In 2015, I moved back to the United States to participate in a new leadership program that I had been selected for. I had been living overseas for almost fifteen years — first as a Marine and then in the villages I worked in with Nuru. When I got back home, I was shocked at what I saw…I did not recognize the country I left to fight for as a Marine. Fear and hatred was tearing the country apart, and many citizens, leaders, businesses and media companies had divided themselves into two warring factions — the Republicans and the Democrats.
I was an outsider coming back to the home I loved after many years, and I could not have been more disheartened by what I saw. My friends and I had been downrange fighting for the idea that America stands for — the freedom of lasting meaningful choices for everyone, everywhere — only to come home to see that it wasn’t going to be Al Qaeda or ISIS or China that would destroy our democracy and the American way of life…it was going to be us.
Americans had lost their voice. They had lost the ability to make the lives of their children better. They had lost their freedom of meaningful choices. And it was the system and the leaders leading that system who were failing them. Americans had lost their trust in the institutions that are supposed to protect and preserve the American dream — to protect and preserve their fundamental freedoms and the American way of life.
They had lost their faith and trust in the leaders who are supposed to represent them. They watched as these leaders pandered to corporations, wealthy donors and other special interest groups, and then turned a blind eye to the needs of the families who elected them. Their leaders lied to them repeatedly — fabricating falsehoods and conspiracies in order to tap into the anger and frustration their people feel just so that they can hold onto power and prestige.
Americans had lost faith and trust in the news media. Newsrooms that once could be depended on to report truth and facts had descended into a world of spin, deception, and sensationalism to drive ratings and profit. A lack of empathy and an increasingly tone deaf attitude of condescension and elitism from these same newsrooms had pushed Americans into the arms of fringe groups and charlatans who pose as actual news outlets as they fuel viewers’ frustrations, loss of agency and feelings of disenfranchisement.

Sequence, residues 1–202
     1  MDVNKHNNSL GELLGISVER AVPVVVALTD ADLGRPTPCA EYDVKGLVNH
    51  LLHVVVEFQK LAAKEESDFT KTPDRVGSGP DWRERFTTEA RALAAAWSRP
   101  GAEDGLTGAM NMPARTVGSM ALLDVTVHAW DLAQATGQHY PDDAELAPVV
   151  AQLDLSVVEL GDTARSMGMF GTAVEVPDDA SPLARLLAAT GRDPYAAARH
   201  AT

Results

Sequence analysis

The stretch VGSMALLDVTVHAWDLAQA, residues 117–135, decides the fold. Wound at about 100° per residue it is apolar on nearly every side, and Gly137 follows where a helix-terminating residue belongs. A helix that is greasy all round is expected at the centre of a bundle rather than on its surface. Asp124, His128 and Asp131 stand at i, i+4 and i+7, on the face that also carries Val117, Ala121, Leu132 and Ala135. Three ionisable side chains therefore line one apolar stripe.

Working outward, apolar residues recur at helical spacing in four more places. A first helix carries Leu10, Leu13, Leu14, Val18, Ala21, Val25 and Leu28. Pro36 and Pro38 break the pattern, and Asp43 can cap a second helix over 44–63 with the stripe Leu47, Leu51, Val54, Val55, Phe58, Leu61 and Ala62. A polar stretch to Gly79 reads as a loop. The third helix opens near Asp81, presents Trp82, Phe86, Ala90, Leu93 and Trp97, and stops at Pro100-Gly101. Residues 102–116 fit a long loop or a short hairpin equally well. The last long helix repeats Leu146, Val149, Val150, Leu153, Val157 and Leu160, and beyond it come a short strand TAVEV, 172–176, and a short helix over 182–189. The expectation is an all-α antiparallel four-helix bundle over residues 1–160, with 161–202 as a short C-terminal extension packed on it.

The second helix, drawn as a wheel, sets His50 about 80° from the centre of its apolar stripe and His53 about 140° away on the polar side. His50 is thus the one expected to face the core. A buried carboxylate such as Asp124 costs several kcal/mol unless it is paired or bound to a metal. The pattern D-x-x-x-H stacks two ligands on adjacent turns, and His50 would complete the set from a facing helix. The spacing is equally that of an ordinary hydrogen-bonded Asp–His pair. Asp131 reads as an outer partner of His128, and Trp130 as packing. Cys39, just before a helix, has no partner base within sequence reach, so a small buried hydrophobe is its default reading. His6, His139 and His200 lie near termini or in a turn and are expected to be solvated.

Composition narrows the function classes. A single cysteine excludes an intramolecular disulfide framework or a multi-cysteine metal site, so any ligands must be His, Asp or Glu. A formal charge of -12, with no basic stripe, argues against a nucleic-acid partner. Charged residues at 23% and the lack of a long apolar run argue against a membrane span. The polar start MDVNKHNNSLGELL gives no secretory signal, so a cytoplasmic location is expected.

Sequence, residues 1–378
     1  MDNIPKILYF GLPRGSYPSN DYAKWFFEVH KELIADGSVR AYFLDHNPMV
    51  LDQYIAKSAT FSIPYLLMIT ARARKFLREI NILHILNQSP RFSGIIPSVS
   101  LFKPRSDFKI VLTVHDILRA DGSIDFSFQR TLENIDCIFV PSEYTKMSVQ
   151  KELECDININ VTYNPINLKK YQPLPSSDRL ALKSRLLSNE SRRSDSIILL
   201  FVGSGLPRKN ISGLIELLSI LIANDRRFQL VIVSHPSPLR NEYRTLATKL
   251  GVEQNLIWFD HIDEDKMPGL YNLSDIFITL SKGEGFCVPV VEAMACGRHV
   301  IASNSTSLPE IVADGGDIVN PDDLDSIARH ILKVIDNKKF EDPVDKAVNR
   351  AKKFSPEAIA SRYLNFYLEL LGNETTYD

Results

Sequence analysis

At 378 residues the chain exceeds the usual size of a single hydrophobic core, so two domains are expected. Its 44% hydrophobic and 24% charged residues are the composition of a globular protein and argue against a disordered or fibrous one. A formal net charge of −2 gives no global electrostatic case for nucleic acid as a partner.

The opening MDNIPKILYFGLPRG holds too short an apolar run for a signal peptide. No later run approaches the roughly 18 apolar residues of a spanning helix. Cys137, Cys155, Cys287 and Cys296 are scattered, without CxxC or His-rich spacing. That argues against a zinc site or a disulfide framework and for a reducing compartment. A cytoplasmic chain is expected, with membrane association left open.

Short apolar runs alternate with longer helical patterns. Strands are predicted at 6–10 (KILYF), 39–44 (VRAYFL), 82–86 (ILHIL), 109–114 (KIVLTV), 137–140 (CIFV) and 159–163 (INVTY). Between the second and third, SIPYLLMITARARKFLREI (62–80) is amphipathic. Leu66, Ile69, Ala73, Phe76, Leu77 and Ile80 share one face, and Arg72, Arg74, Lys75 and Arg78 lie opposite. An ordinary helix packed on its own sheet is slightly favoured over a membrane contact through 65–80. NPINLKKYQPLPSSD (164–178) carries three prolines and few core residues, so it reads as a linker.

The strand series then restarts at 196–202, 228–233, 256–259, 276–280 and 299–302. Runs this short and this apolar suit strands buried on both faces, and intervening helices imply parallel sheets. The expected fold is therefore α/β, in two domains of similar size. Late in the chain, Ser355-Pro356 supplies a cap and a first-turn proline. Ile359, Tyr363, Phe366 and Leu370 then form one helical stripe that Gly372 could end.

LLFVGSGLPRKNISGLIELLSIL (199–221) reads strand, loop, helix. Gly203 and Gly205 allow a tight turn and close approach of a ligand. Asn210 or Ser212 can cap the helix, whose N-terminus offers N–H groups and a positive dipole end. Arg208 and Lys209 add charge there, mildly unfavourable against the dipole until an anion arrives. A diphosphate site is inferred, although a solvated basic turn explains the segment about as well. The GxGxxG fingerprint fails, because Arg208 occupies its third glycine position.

They had lost faith and trust in law enforcement. In some communities, parents were afraid to let their children walk to the store to pick up groceries for fear that their child would be shot because of a misunderstanding exacerbated by the color of their skin. They no longer believed that the authorities would protect them — nor that they would get equal justice under the law.
Citizens across the country of every color, race and creed…in cities, small towns, farms, and suburbs — all felt like they had lost their voice. They were desperately crying out for change but felt as if they were screaming into the wind.
That was only a couple years ago. A lot has happened since then. As you are seeing in the news, things have gotten worse, and we are now standing on the brink of instability and violence. America is at a dangerous crossroads, and it is our leaders who have brought us here.
As I watched events play out last week, I saw authorities beginning to charge and prosecute various individuals who helped coordinate and carry out the assault on Capitol Hill. Are they really the ones to blame? Of course, we all must be held accountable for the things we say and do, but are these Americans the real culprits here?
For months now, these Americans have been living in a world where the celebrity leaders they watch and listen to in the media, their elected Representative and Senators in Congress, and the President of the United States himself have all been lying to them consistently day, after day, after day. They have been told repeatedly by these leaders that the 2020 Presidential election was rigged, that it was a complete fraud, that their vote has been stolen from them and that Donald Trump actually won the election in a landslide victory. They have been told that Joe Biden and Kamala Harris are leading a socialist revolution that will turn America into a communist state — stripping them of their freedom, of their faith, of their family, and of their way of life.